4. It would be helpful if you could answer this question - Are the estimates of r* based on previous values of r (time series techniques) OR fundamental data like output gap/inflation etc. My understanding is that some methods use a mix - where the negative output gap will naturally pull down estimates of r* but residuals or smoothing techniques make it more dependent on previous values of r itself more important. thank you.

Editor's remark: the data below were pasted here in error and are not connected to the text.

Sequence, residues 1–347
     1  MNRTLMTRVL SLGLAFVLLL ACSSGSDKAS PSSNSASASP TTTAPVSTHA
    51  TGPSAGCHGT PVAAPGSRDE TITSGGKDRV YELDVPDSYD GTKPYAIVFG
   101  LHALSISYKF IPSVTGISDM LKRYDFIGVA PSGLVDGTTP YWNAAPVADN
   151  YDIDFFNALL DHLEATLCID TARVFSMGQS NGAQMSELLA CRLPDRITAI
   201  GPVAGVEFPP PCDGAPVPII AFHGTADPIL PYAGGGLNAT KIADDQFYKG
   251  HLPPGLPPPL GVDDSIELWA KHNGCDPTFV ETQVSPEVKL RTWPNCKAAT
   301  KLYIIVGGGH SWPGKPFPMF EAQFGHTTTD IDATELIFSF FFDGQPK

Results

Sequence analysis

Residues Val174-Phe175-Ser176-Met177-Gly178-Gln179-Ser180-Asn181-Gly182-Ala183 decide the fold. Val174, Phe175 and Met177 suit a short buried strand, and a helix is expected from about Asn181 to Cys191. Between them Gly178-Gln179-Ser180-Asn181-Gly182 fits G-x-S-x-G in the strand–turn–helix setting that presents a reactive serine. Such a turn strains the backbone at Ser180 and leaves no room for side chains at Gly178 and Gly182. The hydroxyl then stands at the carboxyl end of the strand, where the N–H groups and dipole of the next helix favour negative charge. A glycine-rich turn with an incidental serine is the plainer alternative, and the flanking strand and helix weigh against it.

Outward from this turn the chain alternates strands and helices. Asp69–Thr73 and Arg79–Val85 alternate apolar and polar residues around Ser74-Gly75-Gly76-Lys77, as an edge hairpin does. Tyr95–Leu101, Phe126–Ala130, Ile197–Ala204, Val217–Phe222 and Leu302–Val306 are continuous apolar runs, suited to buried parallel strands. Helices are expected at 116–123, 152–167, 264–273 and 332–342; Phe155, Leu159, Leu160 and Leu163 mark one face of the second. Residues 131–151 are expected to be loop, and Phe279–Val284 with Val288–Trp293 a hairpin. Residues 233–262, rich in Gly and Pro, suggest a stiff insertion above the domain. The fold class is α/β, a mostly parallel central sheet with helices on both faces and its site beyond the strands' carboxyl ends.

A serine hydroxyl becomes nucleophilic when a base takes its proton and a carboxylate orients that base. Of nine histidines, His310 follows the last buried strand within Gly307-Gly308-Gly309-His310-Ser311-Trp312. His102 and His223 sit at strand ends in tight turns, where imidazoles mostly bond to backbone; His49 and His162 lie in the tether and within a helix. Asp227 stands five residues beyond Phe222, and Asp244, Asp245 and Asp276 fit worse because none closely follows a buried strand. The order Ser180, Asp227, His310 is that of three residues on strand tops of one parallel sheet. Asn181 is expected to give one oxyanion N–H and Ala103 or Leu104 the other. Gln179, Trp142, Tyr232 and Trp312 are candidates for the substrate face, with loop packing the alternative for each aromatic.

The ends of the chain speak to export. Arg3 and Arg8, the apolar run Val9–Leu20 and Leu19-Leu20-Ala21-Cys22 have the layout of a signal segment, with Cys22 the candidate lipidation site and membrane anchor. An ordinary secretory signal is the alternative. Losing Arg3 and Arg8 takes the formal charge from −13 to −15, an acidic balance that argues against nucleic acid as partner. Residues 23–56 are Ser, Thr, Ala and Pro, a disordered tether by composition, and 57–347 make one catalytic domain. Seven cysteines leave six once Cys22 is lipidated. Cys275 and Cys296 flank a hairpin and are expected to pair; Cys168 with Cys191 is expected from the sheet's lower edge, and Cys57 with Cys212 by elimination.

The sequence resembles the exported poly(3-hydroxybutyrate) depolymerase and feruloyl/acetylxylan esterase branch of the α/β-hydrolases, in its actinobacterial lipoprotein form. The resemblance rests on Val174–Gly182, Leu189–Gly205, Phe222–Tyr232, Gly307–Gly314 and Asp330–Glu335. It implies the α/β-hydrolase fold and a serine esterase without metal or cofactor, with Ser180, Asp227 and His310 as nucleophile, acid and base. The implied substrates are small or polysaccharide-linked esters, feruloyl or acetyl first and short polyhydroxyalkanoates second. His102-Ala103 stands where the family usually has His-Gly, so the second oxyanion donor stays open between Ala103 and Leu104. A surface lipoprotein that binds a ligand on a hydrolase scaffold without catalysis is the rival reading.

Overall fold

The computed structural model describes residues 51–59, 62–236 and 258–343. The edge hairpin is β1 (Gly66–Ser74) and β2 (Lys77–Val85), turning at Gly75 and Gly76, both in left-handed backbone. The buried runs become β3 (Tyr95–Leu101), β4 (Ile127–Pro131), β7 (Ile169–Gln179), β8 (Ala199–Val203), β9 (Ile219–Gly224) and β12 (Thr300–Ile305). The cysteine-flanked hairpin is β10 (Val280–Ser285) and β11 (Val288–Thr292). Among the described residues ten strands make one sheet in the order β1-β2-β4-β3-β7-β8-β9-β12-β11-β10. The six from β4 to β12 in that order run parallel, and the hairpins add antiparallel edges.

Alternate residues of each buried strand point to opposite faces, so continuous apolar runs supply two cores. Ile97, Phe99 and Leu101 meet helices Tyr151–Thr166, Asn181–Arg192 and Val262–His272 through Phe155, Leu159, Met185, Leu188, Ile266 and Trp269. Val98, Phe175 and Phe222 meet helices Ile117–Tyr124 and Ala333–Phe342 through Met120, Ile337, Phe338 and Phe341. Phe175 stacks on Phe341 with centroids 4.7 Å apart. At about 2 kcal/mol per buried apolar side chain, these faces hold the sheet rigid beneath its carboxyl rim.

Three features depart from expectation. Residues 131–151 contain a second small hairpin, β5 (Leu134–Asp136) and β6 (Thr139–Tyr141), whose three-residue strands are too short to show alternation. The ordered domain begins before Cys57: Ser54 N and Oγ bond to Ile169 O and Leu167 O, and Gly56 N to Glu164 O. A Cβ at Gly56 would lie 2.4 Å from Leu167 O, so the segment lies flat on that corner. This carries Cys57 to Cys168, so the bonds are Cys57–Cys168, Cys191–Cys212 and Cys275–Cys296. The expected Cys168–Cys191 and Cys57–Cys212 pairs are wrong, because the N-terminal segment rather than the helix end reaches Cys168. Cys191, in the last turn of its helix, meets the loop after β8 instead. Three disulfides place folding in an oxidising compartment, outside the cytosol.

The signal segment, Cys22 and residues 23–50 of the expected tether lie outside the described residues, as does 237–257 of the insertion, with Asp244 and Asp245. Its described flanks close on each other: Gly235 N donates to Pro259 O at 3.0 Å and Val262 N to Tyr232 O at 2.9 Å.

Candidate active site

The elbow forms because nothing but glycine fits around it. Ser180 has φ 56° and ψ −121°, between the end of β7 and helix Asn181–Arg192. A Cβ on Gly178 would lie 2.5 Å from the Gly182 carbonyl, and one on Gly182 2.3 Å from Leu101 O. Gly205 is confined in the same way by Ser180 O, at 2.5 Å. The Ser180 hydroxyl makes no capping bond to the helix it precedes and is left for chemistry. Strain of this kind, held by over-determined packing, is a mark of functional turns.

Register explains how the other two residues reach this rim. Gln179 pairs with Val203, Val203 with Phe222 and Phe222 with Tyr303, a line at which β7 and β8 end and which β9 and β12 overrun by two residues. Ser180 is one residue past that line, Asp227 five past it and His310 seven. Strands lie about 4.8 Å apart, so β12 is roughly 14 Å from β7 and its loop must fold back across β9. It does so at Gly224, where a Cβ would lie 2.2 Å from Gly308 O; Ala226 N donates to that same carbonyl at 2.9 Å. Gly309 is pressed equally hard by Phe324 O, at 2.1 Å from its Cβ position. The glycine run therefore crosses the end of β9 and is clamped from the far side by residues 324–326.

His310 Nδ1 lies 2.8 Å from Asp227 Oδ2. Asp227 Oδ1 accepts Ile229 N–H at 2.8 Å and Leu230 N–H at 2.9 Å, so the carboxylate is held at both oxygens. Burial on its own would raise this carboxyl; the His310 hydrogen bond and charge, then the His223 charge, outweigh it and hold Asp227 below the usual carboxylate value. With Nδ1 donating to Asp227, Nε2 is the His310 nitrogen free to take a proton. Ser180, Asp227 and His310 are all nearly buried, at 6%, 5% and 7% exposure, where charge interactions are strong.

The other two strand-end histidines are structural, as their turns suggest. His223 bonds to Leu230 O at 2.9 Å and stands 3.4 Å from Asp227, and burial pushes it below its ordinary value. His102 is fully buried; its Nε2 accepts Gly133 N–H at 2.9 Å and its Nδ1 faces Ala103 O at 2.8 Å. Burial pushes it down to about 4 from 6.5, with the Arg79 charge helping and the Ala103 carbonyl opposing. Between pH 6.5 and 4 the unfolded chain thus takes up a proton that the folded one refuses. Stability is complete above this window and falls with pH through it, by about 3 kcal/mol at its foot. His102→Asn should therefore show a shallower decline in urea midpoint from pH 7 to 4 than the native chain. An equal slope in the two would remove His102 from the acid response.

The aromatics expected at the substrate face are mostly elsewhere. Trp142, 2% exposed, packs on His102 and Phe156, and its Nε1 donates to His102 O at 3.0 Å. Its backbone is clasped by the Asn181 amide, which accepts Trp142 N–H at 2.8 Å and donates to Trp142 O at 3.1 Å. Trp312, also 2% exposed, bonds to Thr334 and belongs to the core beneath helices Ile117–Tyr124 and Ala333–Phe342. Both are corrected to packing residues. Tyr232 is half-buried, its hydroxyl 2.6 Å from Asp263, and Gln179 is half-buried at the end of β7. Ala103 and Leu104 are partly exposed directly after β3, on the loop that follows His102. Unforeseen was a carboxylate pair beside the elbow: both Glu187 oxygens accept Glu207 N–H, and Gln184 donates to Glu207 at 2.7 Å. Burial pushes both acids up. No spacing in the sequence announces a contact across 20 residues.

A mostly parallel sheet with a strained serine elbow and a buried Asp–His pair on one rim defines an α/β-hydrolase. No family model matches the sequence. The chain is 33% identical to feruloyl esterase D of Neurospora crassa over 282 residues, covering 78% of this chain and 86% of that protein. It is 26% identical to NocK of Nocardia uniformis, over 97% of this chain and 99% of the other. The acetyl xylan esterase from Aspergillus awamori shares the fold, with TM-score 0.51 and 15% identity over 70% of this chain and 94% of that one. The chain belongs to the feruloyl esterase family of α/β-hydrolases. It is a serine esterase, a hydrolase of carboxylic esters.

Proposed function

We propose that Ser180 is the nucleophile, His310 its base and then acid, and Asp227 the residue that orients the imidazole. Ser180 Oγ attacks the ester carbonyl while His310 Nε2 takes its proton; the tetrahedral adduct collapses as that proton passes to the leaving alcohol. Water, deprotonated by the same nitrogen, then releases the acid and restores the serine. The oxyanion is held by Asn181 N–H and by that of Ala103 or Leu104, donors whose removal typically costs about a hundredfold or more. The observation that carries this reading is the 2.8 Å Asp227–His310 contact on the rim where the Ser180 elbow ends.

5. From the chart, it looks as if the actual FFR was below the market clearing rate for the greater part of 3 years, but caught up in '06. Then it tracked the market clearing rate pretty closely until it bottomed out hugging 0%.

    Is there a sense that raising rates from '03 through '06 would have have forestalled and/or attenuated the ensuing crisis? And if so, by how much? In a complex economy, could this one factor be determinative?


  6. Gee, looking at the chart, it looks like the penalty for the Fed being "too loose" is mild inflation and good growth. The penalty for being "too tight" is a honking recession.